What do the little red squares on the lower left hand corner of the movieclips in the actions panel mean? [Fig. 1]
I'm working off this template in Flash CS3, that's using ActionScript 2.0 actually.
I don't know whether or not that means anything in regards to the above inquire?
Again, any help is appreciated.
I don't believe they're nothing.
They obviously indicate something.
I was thinking maybe they're there to indicate when a symbol is within another symbol?
I'm going to try and test that out today.
Explorer view? I have no clue what you're talking about.
The view in Fig. 1 is the 'Actions Panel' in 'Flash CS3'.
I'm still waiting for a clearer, more consise answer.
That is not the Actions window, that is the Movie Explorer window. The Actions window is shown to the right, with all the blue coloring and actions code in it.
The little red dots probably just mean the object is on the stage/timeline, since that is what the Movie Explorer displays.
Also, the actions code you show is AS2 and this is an AS3 forum, so you probably need to post in a more appropriate forum if you have further questions on your project. If the question does not concern actionscript, then try posting in the general Flash forum.
OK, I think I might have figured this out.
First. You guys keep insisting it's the Movie Explorer. It is not. It is the Actions Panel. You can see for yourself. Option+F9 opens the Actions Panel. Option+F3 opens the 'Explorer Window'. They are similar in appearance but they're not the same thing. They're just not.
Second. I believe that the red dots on the movieclips, and also buttons, indicates when there is actionscript directly on the movieclip and/or button, as oppose to actionscript written on a frame within a movie clip and/or button.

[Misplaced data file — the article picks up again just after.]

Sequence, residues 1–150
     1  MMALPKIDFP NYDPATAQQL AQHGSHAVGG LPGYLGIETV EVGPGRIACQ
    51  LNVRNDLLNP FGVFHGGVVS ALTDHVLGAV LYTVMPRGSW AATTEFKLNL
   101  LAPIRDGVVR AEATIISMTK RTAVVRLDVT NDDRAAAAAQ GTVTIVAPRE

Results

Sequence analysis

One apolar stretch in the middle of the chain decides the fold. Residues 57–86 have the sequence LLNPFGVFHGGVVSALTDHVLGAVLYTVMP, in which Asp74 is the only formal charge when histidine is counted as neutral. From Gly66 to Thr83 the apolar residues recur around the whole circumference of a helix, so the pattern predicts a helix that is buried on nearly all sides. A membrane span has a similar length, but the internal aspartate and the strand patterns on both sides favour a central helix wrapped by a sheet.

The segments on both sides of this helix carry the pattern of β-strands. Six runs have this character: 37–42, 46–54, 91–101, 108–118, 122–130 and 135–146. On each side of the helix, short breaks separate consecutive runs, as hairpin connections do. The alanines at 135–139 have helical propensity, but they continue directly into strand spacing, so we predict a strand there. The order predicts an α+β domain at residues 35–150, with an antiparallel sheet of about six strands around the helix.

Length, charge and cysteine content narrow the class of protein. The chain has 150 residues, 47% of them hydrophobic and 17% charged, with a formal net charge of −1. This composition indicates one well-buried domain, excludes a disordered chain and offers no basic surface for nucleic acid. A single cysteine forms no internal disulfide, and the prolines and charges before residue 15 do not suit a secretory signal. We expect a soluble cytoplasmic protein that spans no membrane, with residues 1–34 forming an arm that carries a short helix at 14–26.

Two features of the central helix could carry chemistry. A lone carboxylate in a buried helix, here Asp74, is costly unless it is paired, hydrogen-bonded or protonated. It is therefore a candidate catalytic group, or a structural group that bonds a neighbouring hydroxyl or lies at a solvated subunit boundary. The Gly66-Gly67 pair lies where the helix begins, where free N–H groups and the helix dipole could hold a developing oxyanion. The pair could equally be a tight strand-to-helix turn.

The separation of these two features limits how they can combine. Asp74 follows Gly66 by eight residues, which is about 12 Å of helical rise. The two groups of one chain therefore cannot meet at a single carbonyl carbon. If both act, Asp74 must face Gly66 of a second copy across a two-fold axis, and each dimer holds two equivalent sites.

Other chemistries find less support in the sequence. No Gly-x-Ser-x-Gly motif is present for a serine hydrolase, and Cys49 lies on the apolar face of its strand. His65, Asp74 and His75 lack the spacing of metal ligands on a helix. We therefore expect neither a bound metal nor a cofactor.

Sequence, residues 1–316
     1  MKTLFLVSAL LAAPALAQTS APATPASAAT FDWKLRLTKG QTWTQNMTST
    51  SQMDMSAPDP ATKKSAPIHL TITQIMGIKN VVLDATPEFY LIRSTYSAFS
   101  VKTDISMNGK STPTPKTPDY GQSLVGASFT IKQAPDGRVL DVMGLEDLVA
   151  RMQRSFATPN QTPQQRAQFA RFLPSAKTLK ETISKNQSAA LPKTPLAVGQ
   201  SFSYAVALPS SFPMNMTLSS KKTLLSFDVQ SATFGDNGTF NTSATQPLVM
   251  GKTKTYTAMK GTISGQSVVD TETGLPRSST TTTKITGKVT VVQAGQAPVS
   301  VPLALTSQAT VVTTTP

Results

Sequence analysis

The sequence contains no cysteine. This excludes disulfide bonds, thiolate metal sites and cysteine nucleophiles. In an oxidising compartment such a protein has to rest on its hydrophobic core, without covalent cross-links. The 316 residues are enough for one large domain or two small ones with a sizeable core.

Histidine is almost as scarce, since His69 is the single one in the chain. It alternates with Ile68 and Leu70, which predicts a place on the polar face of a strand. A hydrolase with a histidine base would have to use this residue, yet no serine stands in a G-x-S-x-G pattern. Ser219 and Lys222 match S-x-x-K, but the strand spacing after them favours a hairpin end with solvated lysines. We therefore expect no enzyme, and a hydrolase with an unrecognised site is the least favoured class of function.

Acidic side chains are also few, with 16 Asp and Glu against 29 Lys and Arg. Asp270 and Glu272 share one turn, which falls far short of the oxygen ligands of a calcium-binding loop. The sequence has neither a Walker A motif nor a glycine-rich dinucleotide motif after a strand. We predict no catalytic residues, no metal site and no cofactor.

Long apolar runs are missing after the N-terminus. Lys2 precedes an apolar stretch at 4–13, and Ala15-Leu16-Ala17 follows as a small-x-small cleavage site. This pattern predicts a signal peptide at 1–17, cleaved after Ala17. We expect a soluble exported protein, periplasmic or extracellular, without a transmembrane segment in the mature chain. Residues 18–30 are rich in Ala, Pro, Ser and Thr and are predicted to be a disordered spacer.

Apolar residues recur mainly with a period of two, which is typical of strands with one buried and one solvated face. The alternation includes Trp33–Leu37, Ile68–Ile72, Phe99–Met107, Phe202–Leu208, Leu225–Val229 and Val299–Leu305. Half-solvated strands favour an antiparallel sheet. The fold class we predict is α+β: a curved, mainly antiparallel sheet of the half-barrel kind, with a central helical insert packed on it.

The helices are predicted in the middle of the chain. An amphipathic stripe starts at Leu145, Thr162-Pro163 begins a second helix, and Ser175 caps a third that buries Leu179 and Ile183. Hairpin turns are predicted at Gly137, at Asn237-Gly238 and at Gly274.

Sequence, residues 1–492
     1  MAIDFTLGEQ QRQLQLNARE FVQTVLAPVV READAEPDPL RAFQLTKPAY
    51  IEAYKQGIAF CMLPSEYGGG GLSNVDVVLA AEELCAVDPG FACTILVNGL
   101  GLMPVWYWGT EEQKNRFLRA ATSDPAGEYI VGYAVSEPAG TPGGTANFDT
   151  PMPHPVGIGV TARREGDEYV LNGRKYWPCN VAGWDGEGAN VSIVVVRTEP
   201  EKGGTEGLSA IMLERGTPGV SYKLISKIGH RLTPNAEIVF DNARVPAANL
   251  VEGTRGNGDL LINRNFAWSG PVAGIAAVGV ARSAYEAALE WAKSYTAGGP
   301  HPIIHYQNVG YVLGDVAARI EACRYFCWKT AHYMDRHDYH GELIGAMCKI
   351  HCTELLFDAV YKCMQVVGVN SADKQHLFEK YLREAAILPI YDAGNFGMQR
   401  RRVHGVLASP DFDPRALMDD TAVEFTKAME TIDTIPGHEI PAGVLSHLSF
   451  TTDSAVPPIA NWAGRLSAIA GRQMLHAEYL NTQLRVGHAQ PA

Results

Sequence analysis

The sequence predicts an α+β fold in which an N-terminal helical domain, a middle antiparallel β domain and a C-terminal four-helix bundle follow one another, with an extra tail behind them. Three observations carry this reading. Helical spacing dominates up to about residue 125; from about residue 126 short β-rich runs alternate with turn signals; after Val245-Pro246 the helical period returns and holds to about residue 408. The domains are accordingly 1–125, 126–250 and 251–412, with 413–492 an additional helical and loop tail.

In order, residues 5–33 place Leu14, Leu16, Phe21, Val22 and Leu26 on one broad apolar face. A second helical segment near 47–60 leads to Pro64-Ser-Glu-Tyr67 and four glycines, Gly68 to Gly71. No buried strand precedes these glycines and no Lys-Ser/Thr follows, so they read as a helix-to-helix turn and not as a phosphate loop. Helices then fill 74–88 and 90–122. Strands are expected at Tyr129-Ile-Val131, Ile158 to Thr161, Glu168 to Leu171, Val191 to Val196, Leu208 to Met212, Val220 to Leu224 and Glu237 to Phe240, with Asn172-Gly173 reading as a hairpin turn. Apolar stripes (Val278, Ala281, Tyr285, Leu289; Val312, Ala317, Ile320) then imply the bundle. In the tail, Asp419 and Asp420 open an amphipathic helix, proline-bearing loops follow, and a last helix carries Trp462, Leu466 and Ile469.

You really have to pay special attention to the top of the Actions Panel right next to where it says 'Actions' there's a dash '–' and then it says either 'Frame', 'Movie Clip', or 'Button'. This indicates exactly where you're about to write script to, or where you're reading the script from, so it's important to pay attention to this.
That left side pane, in the Actions Panel, is divided by 'Scene' and by 'Symbol Definition(s)' and it's confusing because it's possible to have a symbol appear more than once depening on where the actionscript is located (i.e. on a frame or on the movie clip or button itself).
For example if you have script on a FRAME within movie clip A, it'll appear in the SYMBOL DEFINITION(S) pane, without a red box, but if you were to write script on movie clip A itself, it would still not have the red box on it in the SYMBOL DEFINITION(S) pane, BUT it would appear again as movie clip A in the SCENE pane, and this time it would appear with the red box next to it, casue it now has actionscript directly on the movie clip itself. Wow, how confusing is that ha.
Keep in mind that if you made a movie clip B, within movie clip A, and if you placed actionscripts directly on movie clip B, NOT on a frame, then movie clip B would get a red box and appear UNDER movie clip A, within the SYMBOL DEFINITION(S) pane, NOT the SCENE pane. Ha.